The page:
Searching over 5,500,000 cases.


searching
Buy This Entire Record For $7.95

Official citation and/or docket number and footnotes (if any) for this case available with purchase.

Learn more about what you receive with purchase of this case.

Mcguire v. Bd. of Regents of N. Ill. Univ.

ILLINOIS APPELLATE COURT — FOURTH DISTRICT JUDGMENT AFFIRMED.


OPINION FILED MAY 25, 1979.

J. POWERS MCGUIRE, PLAINTIFF-APPELLANT,

v.

THE BOARD OF REGENTS OF NORTHERN ILLINOIS UNIVERSITY, DEFENDANT-APPELLEE.

APPEAL from the Circuit Court of Sangamon County; the Hon. SIMON L. FRIEDMAN, Judge, presiding.

MR. JUSTICE TRAPP DELIVERED THE OPINION OF THE COURT:

Plaintiff appeals from the order of the trial court which dismissed with prejudice his complaint against the Board of Regents of Northern Illinois University. Plaintiff alleged a breach of an employment contract and prayed damages in excess of $1 million.

The action was initially filed in the circuit court of DeKalb County. Defendant filed a special and limited appearance and upon defendant's motion the action was transferred to Sangamon County where the defendant has its principal office. Ill. Rev. Stat. 1977, ch. 110, par. 7(1).

On appeal plaintiff contends that the circuit court has jurisdiction in the matter of this action for breach of contract and that the complaint sufficiently states a cause of action. He also argues that the provision for venue in section 7(1) of the Civil Practice Act (Ill. Rev. Stat. 1977, ch. 110, par. 7(1)) violates the fourteenth amendment of the United States Constitution.

Section 1 of "An Act in relation to immunity for the State of Illinois" (Ill. Rev. Stat. 1977, ch. 127, par 801), effective January 1, 1972, provides:

"Except as provided in `An Act to create the Court of Claims, to prescribe its powers and duties, and to repeal An Act herein named', filed July 17, 1945, as amended, the State of Illinois shall not be made a defendant or party in any court."

Section 8 of "An Act to create the Court of Claims, to prescribe its powers and duties * * *" (Ill. Rev. Stat. 1977, ch. 37, par. 439.8) provides:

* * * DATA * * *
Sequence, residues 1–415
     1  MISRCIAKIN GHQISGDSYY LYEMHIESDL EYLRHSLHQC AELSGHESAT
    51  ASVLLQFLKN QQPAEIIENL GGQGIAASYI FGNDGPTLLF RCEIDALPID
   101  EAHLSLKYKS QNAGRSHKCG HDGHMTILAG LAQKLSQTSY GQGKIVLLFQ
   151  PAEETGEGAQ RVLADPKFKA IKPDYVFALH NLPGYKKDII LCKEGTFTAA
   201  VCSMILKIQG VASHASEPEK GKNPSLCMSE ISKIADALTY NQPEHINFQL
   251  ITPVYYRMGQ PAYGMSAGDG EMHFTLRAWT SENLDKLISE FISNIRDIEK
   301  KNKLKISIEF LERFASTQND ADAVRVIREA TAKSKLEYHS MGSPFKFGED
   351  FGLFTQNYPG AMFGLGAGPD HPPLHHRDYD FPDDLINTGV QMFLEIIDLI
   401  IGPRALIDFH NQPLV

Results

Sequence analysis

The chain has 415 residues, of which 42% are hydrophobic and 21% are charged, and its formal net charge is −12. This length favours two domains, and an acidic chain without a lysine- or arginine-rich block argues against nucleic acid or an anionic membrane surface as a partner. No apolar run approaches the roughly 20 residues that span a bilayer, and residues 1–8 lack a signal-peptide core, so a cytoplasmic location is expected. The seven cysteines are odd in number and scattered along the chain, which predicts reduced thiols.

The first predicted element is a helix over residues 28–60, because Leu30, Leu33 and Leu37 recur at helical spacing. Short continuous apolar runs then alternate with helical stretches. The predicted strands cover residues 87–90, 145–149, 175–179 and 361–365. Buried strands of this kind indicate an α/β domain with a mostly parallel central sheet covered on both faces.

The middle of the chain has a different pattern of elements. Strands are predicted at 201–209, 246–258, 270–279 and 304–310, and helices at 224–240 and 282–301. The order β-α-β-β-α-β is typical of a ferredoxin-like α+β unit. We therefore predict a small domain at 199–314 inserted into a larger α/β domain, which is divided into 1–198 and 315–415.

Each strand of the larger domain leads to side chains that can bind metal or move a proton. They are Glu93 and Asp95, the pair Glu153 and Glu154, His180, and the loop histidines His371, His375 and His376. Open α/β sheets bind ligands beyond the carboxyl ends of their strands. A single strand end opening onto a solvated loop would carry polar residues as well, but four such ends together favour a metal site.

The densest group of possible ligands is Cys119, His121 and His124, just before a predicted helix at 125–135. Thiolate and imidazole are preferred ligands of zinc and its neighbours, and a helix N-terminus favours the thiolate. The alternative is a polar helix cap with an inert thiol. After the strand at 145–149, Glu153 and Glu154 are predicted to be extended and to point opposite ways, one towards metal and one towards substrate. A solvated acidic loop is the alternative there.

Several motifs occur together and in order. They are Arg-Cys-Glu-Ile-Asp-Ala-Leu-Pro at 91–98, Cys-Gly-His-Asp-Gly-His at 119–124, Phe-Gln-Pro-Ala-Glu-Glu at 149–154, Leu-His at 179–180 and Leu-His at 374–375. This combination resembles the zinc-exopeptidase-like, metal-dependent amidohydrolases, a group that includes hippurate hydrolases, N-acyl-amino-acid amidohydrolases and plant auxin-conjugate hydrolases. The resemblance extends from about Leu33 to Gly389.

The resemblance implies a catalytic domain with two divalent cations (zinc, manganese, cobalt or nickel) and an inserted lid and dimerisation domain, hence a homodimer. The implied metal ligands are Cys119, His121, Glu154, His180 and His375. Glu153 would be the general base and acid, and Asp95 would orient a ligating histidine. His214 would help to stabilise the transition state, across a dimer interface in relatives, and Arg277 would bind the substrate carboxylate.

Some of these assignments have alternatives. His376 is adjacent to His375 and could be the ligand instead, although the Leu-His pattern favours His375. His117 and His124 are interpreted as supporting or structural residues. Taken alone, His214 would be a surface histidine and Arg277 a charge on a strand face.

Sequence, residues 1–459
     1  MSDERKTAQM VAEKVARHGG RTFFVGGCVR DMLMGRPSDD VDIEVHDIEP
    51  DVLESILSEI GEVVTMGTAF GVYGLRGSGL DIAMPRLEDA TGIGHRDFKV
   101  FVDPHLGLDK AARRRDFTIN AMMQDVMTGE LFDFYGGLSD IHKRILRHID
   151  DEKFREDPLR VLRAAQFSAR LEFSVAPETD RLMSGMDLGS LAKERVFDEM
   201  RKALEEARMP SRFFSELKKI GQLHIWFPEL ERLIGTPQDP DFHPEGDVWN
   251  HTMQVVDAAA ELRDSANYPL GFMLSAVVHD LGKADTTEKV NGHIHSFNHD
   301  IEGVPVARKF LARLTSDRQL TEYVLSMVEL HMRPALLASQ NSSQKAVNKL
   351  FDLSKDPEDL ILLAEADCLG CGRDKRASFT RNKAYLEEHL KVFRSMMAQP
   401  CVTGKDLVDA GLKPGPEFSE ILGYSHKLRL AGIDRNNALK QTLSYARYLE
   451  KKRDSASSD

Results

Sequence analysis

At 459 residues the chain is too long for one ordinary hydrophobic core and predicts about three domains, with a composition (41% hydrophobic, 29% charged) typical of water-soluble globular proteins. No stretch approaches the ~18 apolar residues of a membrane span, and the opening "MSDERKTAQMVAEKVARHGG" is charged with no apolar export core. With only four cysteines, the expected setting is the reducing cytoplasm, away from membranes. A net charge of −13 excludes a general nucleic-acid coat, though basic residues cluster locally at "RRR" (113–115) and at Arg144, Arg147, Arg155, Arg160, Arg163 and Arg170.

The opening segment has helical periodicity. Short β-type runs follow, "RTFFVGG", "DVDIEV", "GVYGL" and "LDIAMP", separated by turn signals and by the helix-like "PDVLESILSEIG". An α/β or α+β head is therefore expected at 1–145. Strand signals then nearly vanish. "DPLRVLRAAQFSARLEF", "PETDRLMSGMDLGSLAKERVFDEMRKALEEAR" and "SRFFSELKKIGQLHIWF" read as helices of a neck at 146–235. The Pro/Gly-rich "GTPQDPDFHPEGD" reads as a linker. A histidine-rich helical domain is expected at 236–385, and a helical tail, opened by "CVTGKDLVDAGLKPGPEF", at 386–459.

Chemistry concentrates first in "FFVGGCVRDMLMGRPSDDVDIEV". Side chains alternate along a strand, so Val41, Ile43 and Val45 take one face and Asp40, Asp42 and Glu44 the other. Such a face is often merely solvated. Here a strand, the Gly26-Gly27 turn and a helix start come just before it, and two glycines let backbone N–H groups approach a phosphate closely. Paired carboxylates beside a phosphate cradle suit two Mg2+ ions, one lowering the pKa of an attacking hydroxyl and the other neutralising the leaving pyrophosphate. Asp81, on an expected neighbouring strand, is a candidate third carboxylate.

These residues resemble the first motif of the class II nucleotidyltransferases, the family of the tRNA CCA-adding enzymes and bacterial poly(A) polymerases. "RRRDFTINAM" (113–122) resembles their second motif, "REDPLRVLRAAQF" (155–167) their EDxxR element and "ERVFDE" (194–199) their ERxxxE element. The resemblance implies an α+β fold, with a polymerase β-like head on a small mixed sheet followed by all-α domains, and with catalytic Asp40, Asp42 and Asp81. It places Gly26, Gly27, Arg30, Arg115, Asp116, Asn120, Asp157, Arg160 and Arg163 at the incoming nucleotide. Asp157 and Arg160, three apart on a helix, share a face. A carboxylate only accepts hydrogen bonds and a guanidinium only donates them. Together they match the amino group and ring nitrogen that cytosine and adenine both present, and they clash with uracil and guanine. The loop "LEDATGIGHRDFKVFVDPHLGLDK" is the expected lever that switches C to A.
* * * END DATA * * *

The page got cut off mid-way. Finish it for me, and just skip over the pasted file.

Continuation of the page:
"The court shall have exclusive jurisdiction to hear and determine the following matters:

(b) All claims against the state founded upon any contract entered into with the State of Illinois.

In Scoa Industries, Inc. v. Howlett (1975), 33 Ill. App.3d 90, 337 N.E.2d 305, the court noted that the enactment of section 1 of the civil administrative act, effective January 1, 1972 (Ill. Rev. Stat. 1977, ch. 127, par. 801), was a legislative restatement or reenactment of sovereign immunity. See also Williams v. Medical Center Com. (1975), 60 Ill.2d 389, 328 N.E.2d 1; Talandis Construction Corp. v. Illinois Building Authority (1978), 60 Ill. App.3d 715, 377 N.E.2d 237, appeal denied (1978), 71 Ill.2d 615.

Plaintiff argues that the circuit court had jurisdiction by reason of the provisions of section 7 of "An Act providing for the management, operation, control and maintenance of the Regency Universities System" (Ill. Rev. Stat. 1977, ch. 144, par. 307), which provides:

"The Board is hereby constituted a body corporate and politic and shall have power:

a. to enter into contracts;

b. to sue and be sued, provided that any suit against the Board based upon a claim sounding in tort must be filed in the Court of Claims;

He urges that we imply and infer from that language that claims upon contract should be heard in the circuit court.